An ongoing series of discussions surrounding the potential of a merger between Schenevus and Worcester central schools is culminating in a public forum that is to be held at 6 p.m., Monday, June 14, at Schenevus’s Draper School, according to a media release.
Discussions of a merger have been long underway in what is called “Merger Mondays,” a monthly meeting to discuss the possibility of the two schools merging.
A walking tour of SCS is also scheduled at 5 p.m., prior to the forum.
COOPERSTOWN – Democratic unhappiness over how state Sen. Peter Oberacker was replaced on the county board spilled over at today’s reorganizational meeting.
County Board Chair David Bliss, R-Cooperstown/Town of Middlefield, was reelected, but the vote was 10-3, plus one abstention. And not before Bliss was criticized for partisanship, poor communication and a lack of vision.
“The people of the county deserve a county chair who puts the good of the county above party and does not work the rules for partisan advantage,” said Michelle Farwell, D-Morris, one of two reps speaking out against Bliss’ reelection.
The other was Jill Basile, D-Oneonta, who said, “We saw our lack of transparency, partisanship and poor communications in the appointment of the District 6 representative,” Jennifer Mickle, R-Town of Maryland, who succeeded Oberacker.
It’s a bit of a Christmas story, coming out of the Otsego County Board of Representatives, of all things.
It involves at least four of Pope Gregory’s “Seven Virtues” – Charity, Patience, Kindness and Equanimity. (The Seven Deadly Sins, of course, have a higher profile.)
Famously, talk is cheap, when it comes to bipartisanship (and generally). But three county representatives – Andrew Marietta, Andrienne Martini and Andrew Stammel – talked that talk AND walked that walk in recent days.
The winner: Objective governance for the good of all 59,493 of us,
Republicans, Democrats, Conservatives, Working Family Party member, small “i” and Big “I” i(I)ndependents, Libertarians, etc.
By the county board’s December meeting on the 2nd, it was clear the Republicans had put themselves in a trap that could have lost them majority control for only the second time since the Board of Representatives was created in the early 1970s.
No need to relive every particular, but when state Sen.-elect Peter Oberacker resigned Monday, Nov. 16, the Republicans fast-tracked the succession.
Democrats only found out about plans to seat Oberacker’s hand-picked successor, Jennifer Mickle, the day before the Thursday, Nov. 19, Administration Committee meeting, too late to come up with their own candidate.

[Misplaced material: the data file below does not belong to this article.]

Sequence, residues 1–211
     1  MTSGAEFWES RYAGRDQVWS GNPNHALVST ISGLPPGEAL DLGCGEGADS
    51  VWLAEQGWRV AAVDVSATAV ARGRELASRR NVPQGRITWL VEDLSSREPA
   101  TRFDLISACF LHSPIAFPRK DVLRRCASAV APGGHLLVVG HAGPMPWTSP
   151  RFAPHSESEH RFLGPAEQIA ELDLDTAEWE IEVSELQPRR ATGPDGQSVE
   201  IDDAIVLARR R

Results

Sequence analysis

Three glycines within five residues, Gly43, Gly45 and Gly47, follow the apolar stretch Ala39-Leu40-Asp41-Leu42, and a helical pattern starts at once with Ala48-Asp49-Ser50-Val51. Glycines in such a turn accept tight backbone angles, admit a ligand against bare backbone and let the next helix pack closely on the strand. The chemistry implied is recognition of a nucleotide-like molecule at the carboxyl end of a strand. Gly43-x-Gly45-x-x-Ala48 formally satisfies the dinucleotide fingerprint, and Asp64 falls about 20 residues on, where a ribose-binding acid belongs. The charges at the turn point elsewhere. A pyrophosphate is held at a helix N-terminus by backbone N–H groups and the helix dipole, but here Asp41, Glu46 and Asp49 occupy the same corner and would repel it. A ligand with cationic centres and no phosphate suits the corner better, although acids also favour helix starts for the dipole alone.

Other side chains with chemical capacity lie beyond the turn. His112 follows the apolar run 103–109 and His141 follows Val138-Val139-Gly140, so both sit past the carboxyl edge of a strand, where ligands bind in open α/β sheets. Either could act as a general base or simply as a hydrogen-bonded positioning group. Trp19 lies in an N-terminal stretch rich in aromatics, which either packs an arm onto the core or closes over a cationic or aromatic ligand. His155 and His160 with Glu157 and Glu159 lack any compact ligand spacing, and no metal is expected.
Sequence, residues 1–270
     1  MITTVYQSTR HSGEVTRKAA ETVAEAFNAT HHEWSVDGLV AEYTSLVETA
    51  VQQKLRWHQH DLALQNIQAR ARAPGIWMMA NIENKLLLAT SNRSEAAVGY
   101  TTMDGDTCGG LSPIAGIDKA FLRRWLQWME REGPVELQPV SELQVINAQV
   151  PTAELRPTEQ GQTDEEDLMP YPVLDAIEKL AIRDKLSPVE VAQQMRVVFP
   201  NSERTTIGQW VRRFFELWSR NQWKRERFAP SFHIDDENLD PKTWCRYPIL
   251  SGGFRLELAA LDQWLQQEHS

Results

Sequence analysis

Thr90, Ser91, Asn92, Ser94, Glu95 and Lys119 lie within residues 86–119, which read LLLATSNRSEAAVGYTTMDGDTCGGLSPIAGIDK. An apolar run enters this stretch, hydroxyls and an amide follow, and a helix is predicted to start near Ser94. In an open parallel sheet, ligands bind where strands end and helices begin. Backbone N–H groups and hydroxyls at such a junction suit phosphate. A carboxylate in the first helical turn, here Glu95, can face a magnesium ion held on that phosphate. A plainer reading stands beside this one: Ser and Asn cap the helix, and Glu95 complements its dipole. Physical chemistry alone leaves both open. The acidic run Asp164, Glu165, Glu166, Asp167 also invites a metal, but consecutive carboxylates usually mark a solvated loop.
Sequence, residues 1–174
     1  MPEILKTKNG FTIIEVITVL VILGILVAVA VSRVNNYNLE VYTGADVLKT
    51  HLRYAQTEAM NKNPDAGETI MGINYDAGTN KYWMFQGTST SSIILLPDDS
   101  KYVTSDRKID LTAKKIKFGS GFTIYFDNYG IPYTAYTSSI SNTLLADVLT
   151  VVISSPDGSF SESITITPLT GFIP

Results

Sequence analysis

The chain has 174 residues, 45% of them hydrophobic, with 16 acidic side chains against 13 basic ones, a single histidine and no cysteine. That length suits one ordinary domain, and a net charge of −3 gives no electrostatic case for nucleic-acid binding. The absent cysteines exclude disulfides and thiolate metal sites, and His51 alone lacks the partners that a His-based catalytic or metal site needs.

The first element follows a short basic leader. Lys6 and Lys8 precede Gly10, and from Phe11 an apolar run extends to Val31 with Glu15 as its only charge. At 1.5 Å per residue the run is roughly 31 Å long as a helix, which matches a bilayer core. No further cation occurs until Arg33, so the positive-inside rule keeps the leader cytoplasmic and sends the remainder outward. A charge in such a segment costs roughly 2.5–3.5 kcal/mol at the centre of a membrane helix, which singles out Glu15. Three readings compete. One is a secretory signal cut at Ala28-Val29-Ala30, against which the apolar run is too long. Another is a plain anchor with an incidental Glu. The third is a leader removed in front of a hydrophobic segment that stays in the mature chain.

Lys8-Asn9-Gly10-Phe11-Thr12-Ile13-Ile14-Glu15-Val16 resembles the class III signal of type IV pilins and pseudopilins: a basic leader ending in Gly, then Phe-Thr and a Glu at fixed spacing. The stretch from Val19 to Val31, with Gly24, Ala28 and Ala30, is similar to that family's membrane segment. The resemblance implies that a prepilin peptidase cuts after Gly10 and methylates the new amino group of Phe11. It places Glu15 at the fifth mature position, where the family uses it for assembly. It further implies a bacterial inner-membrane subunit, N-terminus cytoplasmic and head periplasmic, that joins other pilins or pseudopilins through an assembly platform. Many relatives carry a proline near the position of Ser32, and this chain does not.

The Admin Committee, 3-1, on party lines, then approved Mickle, (who, aside from the controversy, appears to be an able candidate). Without Admin approval, Democrats needed a 2/3rd majority to have their candidate even considered by the full board.
For a while, it looked like ill-will and recriminations would be the gifts under the county Christmas tree this year.
The Republicans, it seems, hadn’t fully considered how this might play out: With Oberacker’s seat vacant, neither party had a majority under the county’s complicated weighted-voting system.
So neither party could fill the vacancy without at least one vote from the other party.
And the Democrats, at least some of them, were incensed, and in no mood to play nice.
If the vacancy stood, the Republicans couldn’t have appointed the board’s chair or vice chair Jan. 2 at the annual reorganizational meeting. Or name the committee chairs, or control committee membership.
All decisions would have had to be bipartisan.
Out of power since 2008, the Democrats now held all the cards.
Including the fairness card. Not fairness to the Republicans, but to the 3,456 voters in Oberacker’s District 6 (Maryland, Worcester, Westford and Decatur).
At the Dec. 2 full county board meeting, Marietta, Martini and Stammel were profiles in fairness. All decried the rushed (and partisan) process. But Martini put it this way: “Leaving that district without representation for a year just doesn’t sit well.”
So the three Democrats handed control of the county board – at least until Nov. 4, 2021, the next Election Day – back to the Republicans.
(Also kudos to the board’s sole Conservative, Meg Kennedy, who scheduled a second Admin meeting to interview the Democratic nominee, former Worcester supervisor Diane Addesso, a goodwill gesture, even though it was too late to make a difference.)
To end where we began: Talk is cheap.
Most Democrats and some Republicans have been touting bipartisanship in board deliberations.
But Marietta, Martini and Stammel have shown that, to them, it’s a way of governing, worth more than numerical control.
Well done. Let’s hope, at least for the next year, bipartisanship will rule.
We’ve been here before, with an opposite outcome: In 2006, the Republican representative from Worcester, Don Lindberg, allied himself with the Democratic minority and achieved the board’s chairmanship.
The anger generated by that deal prevented any friendly compromise for the next two years. A recurrence has now been prevented.